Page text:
Responsive web design is not a new concept anymore, it’s been around for 5 years now, but some companies don’t seem to have an urgency about their mobile strategy. After designing responsive web design in Minneapolis for several years now, Snap Agency has learned what a solid mobile website can do for a company; and quite recently have converted some websites to responsive design that had previously been desktop only, and were tracking the revenue – so we see how providing a mobile responsive site can drastically improve your odds of making a sale for the now 35% of web traffic that is coming from mobile devices now.
Now into the juicy stuff – Examples of How Responsive Design Improves Conversions
1. Time Magazine relaunched with a mobile responsive website design and promptly received a 25% traffic increase.
Not only does Google recommend responsive design, according to EConsultancy Time Magazine would too, as once they redesigned with responsive they had higher traffic, but also a lower bounce rate. Imagine you land on a website while browsing on your phone and you have to pinch and zoom; you likely are going to spend less time on that particular site as navigation is hard, and unless the content is absolutely incredible you can likely get similar elsewhere in a more easy to use fashion – at least on mobile.
Take-away: People want to read content that fits their device, make navigation simple and don’t make them pinch and zoom.
2. Online retailer Skinny Ties launches responsive site to 71.9% increase in conversions on mobile.
Skinny ties didn’t do a grand launch for their new site, just quietly launched the new site to see how organic traffic and conversions changed from the new responsive site. Creating the Magento website, the agency who worked on the project measured dramatic results as evidenced by these numbers. See the case study here.
Take-away: Responsive design isn’t some “nice to have”, responsive design can make people significantly more likely to press add to cart and check out on your eCommerce site – Utilize Magento for heavier eCommerce sites for security, stability and performance.
3. Schofield and Sims, an educational publisher, had an increase in revenue on mobile of 73% after upgrading to responsive design.
I love looking at how design changes affect revenue. With A/B testing you can serve multiple designs up, alternating visitors and see which one does best. Connecting this to revenue tracking can make a profound statement on how good design can sell stuff and should be respected. Sometimes, as in the case of this educational publisher – the real improvement was just accessibility: people could see things more clearly with responsive design and could get where they wanted to go with more easy (sans pinch and zoom,) and thus it equaled more revenue.
Take-away: Responsive design doesn’t just give you more traffic, it means more money in you and your company’s coffers.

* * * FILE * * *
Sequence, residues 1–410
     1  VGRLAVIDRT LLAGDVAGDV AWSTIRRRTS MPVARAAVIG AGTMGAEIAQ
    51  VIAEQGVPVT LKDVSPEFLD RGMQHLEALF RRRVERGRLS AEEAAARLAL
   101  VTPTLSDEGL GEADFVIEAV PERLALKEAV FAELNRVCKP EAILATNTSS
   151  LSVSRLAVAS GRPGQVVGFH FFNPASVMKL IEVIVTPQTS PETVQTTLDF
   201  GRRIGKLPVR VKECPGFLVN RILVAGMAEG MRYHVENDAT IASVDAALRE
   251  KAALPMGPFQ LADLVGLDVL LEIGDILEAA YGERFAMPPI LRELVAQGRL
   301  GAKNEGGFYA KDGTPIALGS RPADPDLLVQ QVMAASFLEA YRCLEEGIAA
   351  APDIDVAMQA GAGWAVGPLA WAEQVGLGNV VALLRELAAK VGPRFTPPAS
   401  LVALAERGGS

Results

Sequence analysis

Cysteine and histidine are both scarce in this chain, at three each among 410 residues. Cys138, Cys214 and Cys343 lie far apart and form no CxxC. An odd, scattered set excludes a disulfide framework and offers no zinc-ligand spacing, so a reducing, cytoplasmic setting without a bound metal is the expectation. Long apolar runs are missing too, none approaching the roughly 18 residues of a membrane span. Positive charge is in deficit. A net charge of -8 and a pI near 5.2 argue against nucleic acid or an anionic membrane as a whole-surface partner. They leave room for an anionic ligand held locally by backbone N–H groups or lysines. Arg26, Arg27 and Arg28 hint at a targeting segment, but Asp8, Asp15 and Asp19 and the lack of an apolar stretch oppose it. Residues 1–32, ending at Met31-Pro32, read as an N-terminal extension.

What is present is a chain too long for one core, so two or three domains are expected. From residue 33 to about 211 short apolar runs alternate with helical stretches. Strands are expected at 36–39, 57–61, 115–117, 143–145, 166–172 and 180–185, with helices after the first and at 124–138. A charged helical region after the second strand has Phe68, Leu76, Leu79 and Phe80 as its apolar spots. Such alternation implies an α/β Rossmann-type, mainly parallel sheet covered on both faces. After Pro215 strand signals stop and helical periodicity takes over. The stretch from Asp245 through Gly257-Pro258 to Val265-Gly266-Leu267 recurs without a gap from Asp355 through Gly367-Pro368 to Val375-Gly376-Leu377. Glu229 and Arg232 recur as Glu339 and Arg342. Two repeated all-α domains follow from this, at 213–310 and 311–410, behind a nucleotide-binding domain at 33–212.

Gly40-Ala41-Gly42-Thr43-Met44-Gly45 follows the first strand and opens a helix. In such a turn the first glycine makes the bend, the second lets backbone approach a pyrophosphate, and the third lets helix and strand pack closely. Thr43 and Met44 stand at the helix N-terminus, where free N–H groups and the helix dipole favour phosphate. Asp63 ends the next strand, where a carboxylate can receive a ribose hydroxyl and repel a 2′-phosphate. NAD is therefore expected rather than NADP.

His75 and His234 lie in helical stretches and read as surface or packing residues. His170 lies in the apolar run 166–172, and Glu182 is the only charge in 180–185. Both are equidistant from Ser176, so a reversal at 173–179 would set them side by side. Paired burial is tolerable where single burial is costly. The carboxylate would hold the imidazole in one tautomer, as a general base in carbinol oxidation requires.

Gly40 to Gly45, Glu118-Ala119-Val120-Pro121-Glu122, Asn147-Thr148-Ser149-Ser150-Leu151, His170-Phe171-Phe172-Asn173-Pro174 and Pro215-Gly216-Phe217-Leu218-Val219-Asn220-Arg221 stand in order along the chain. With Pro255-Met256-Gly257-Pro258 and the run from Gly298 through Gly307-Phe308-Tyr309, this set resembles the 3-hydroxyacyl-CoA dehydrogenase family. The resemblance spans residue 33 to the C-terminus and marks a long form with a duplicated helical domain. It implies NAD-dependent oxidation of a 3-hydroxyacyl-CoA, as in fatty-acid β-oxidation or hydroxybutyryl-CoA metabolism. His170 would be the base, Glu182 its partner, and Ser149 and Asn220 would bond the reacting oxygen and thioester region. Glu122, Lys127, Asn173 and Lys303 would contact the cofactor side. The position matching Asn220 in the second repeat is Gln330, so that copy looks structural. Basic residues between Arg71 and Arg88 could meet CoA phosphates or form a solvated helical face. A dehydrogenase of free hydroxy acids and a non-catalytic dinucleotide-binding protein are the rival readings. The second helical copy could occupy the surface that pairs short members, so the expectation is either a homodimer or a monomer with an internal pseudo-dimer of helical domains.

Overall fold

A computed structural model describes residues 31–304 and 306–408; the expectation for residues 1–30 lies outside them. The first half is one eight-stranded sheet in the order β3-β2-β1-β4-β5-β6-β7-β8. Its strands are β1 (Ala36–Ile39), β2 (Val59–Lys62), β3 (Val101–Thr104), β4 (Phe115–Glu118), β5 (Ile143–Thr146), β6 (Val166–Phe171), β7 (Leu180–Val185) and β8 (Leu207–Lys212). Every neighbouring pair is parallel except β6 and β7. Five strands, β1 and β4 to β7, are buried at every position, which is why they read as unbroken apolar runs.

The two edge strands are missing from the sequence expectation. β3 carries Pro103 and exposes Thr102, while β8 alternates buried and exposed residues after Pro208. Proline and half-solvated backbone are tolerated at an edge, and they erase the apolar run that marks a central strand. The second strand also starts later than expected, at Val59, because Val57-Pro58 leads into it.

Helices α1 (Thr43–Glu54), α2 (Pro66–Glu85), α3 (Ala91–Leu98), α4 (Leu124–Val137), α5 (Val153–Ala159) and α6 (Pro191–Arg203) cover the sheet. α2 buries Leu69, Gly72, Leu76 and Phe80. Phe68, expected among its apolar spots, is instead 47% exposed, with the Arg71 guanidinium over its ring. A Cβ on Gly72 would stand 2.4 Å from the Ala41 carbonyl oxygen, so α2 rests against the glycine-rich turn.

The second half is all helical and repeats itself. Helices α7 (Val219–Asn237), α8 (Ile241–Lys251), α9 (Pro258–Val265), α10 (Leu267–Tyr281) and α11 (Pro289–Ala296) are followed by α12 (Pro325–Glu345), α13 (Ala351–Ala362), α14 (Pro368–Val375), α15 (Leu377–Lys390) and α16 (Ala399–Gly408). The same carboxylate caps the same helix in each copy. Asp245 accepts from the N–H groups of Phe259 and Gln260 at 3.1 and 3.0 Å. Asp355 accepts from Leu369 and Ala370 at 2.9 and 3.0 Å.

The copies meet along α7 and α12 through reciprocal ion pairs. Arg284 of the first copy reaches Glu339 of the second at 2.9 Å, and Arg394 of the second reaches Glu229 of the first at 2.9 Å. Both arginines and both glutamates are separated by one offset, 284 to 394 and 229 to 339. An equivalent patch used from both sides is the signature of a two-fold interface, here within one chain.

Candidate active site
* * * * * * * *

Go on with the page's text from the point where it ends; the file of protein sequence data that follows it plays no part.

4. Wal-mart got a conversion boost of 20% on all devices with a responsive design. On mobile, orders went up by 98%.
Not only did Wal-mart receive a boost from responsive but also paid close attention to site speed by highly caching the site and allowing the site to keep things quick. Conversions went up, and mobile orders almost doubled. That’s incredible. For one the nation’s largest retailers that responsive web design could have that kind of incredible effect on conversions.
Take-away: Even large retailers bottom lines can have dramatic shifts with a combination of responsive design and close attention to page-speed – Utilize caching.
5. Debt Management company Baines & Ernst implemented responsive design and average visit duration has risen 30% while mobile conversions have grown an impressive 51%.
This case study was written on Think with Google, so that tells you how much Google respects and how they treat responsive sites. Google recently updated it’s algorithm to favor responsive sites – because it knows people favor them. We should state that Baines & Ernst not only updated to responsive design but implemented a user-focused design strategy that really made things easy to get to and consistent across devices.
Take-away: Updating to a new responsive website should not only be about making it mobile-friendly, but user friendly as well. User test with 3-5, or more people before your redesign to get feedback about how to make the site easy to navigate and the most important things easy to get to.
Design changes things, accessibility changes things. Let people get at you in any scenario and make sure your site looks nice on mobile devices and they will thank you with more sales and more contact submissions if that’s a key performance indicator for you. Not only that, but having a responsive website now affects your ranking in Google. If all that isn’t enough for you to invest in responsive design, I’m not sure anything will.
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